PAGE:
Car Repossessions

Illegal Auto Repossession

When it comes to car repossession’s, many lenders, car dealers, repo agents and even police officers simply cannot do it right.

Lenders fail to follow proper procedures or give proper notices–especially those from outside Iowa who are not familiar with Iowa law.

Many buy here, pay here dealers seem to think they own the vehicle they sold–even after repossession. They do not. A consumer has a right to redeem the vehicle and has a right to an accounting of the proceeds.

Repo agents frequently receive little or no training in repossession laws. A repossession where there is a breach of peace is illegal, and it makes no difference who is causing the disturbance.

Law enforcement officers also get very little training on car repos. They routinely take the creditor or repo agents’ side during a repossession. Some police departments in Iowa actually refer to a repo call as an “assist.” Police may keep the peace, but as to the repossession itself they may not assist or facilitate repossession of the consumer’s vehicle over the consumer’s objection.

The following actions probably result in an illegal repossession. If you live in Iowa and think your rights might have been violated, please contact us regarding your situation. If you live outside Iowa or the repossession did not take place in Iowa, go to the web site of the National Association of Consumer Advocates and try to find an attorney in your state to assist you.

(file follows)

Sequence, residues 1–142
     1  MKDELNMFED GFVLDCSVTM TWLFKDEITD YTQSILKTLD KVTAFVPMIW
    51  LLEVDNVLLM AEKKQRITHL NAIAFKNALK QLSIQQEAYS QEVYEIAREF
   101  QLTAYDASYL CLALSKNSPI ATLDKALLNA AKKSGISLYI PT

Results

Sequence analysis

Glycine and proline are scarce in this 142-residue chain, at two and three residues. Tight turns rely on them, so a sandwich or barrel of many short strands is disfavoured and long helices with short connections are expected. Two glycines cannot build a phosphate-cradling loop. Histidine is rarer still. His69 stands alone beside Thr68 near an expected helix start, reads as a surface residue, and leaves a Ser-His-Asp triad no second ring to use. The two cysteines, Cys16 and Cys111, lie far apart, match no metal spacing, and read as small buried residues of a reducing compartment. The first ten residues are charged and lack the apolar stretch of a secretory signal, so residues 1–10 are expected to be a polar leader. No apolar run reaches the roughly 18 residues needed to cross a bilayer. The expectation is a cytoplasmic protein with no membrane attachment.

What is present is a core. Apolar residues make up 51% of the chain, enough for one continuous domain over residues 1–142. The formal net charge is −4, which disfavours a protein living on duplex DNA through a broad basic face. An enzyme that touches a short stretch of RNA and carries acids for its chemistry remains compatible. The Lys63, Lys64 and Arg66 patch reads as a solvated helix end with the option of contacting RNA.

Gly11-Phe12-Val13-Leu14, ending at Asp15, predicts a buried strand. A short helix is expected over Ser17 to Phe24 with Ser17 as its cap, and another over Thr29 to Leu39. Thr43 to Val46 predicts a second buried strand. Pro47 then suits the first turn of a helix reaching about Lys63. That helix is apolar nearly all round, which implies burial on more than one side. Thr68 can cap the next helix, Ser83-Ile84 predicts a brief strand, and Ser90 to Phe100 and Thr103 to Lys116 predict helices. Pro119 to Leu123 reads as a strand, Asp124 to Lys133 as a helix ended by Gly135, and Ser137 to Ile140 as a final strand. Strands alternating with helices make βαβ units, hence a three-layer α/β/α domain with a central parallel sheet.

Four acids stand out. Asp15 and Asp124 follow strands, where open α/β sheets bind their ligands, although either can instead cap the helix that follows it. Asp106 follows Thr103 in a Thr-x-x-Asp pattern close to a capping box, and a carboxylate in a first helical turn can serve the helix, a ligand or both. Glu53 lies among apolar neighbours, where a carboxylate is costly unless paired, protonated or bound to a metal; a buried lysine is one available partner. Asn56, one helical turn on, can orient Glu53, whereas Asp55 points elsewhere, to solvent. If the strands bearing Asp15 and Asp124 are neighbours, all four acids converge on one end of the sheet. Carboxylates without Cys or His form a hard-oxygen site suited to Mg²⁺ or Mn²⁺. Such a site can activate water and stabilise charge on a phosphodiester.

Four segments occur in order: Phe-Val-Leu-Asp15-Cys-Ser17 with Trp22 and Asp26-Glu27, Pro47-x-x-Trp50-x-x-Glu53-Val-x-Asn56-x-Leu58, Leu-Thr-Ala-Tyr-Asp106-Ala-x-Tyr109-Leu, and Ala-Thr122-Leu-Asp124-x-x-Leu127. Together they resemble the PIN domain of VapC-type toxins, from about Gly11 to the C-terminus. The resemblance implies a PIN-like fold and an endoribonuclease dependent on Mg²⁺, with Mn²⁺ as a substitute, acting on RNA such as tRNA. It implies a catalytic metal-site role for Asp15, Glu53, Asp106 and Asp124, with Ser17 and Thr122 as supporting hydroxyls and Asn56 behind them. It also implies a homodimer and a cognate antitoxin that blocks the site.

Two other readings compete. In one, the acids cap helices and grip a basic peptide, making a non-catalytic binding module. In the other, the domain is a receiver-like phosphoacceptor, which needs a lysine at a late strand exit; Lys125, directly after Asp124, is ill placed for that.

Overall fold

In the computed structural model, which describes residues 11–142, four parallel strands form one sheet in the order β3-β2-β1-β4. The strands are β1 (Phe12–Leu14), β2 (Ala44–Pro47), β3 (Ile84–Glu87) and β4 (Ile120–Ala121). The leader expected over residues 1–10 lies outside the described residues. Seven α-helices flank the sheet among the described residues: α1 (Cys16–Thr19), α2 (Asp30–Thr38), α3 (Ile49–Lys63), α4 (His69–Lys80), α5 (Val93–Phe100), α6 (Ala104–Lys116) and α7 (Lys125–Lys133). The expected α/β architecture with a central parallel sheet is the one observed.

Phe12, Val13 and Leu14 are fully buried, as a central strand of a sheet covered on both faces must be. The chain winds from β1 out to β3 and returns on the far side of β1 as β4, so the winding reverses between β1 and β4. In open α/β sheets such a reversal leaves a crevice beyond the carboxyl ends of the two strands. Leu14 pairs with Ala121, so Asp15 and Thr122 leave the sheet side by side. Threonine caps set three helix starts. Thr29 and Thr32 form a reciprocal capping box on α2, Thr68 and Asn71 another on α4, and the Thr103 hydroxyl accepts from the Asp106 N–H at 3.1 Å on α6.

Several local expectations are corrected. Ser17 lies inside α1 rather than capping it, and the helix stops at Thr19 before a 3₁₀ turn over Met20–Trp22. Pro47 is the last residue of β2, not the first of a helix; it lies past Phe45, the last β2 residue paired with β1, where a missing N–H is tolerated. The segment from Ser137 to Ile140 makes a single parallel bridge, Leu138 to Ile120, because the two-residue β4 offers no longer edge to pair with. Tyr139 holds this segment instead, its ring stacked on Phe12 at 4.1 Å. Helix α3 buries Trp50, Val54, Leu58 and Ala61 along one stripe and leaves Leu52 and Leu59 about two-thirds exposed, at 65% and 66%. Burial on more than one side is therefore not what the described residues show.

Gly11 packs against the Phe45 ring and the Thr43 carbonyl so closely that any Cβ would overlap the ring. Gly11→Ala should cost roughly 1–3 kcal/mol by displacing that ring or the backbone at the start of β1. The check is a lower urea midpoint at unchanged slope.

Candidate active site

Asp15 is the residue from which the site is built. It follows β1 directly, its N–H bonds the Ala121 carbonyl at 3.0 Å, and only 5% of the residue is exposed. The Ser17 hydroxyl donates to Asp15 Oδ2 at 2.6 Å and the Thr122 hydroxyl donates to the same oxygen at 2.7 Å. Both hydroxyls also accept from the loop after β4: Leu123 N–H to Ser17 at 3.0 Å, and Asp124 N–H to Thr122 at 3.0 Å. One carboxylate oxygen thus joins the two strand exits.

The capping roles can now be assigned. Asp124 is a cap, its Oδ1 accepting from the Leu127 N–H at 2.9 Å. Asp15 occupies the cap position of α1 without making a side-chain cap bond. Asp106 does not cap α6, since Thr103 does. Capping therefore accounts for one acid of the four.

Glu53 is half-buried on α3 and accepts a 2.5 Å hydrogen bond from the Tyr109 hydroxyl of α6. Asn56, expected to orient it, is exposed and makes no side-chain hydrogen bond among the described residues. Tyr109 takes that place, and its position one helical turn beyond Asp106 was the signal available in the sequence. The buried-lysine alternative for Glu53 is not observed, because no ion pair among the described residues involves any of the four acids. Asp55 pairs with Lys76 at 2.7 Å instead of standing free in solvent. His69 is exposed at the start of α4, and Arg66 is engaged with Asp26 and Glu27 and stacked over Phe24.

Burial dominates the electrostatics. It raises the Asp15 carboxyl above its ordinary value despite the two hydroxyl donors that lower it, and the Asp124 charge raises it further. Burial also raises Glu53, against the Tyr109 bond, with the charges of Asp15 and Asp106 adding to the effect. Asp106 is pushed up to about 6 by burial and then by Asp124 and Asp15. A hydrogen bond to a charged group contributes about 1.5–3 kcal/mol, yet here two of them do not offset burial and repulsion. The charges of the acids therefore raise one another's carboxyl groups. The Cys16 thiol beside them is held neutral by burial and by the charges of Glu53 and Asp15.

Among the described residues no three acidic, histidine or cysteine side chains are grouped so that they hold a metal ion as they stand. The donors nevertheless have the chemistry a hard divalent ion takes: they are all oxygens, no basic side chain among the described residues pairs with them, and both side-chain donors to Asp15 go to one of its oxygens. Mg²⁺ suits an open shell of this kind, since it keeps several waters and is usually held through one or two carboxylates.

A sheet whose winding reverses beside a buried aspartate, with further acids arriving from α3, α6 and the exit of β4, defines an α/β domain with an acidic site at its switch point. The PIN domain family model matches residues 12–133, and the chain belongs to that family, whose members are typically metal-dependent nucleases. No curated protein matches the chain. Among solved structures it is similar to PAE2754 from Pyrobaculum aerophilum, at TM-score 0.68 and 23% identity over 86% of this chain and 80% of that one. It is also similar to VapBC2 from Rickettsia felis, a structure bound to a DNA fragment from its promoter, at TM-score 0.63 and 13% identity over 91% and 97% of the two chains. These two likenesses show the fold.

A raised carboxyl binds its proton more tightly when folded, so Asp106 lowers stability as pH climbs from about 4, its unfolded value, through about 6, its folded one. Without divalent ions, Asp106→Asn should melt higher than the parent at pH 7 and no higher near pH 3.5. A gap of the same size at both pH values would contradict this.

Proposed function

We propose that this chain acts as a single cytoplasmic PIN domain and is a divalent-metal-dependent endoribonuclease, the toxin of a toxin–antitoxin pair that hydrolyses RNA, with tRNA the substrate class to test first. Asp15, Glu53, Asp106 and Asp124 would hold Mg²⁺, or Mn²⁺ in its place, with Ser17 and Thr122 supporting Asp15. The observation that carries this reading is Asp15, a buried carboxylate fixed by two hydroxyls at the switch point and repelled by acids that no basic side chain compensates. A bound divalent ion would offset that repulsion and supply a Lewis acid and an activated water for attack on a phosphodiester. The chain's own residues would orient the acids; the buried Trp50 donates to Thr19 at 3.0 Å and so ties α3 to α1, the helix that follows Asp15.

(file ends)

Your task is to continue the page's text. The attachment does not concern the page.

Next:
Common Violations Resulting in an Illegal Auto Repo Include:

Once your vehicle has been repossessed you still have rights:

To repo a vehicle, the creditor first has to have taken a security interest in the vehicle. A financing agreement or sales agreement alone does not create a God given right to repo your vehicle, even if you are late on the payments. Without a security interest and an acceleration clause in the contract, a creditor may not repossess. It’s only remedy is to demand delinquent payments as they come due.

You have to be in material default under the loan agreement. I have seen repos where the only “default” is moving a vehicle out of state (or the creditor thinks the vehicle is going to be moved out of state). Unless the financing agreement prohibits moving (and that provision of an agreement may not even be enforceable), you are not in default for driving or moving out of state with your vehicle. You financed a car, you aren’t on parole.

You must actually be behind on your loan payments. For some reason, creditors do not always have the best accounting procedures. Repos do occur when a consumer is not even behind on payments.

In Iowa consumer credit transactions, you are not in default until a payment is ten days late. For Consumer Credit Transactions under Iowa law, or if the financing agreement states the loan is a Consumer Credit Transaction, you are not in default until a payment is ten days late. Creditors do repo cars when payments are only a few days late. That does not make the repo legal.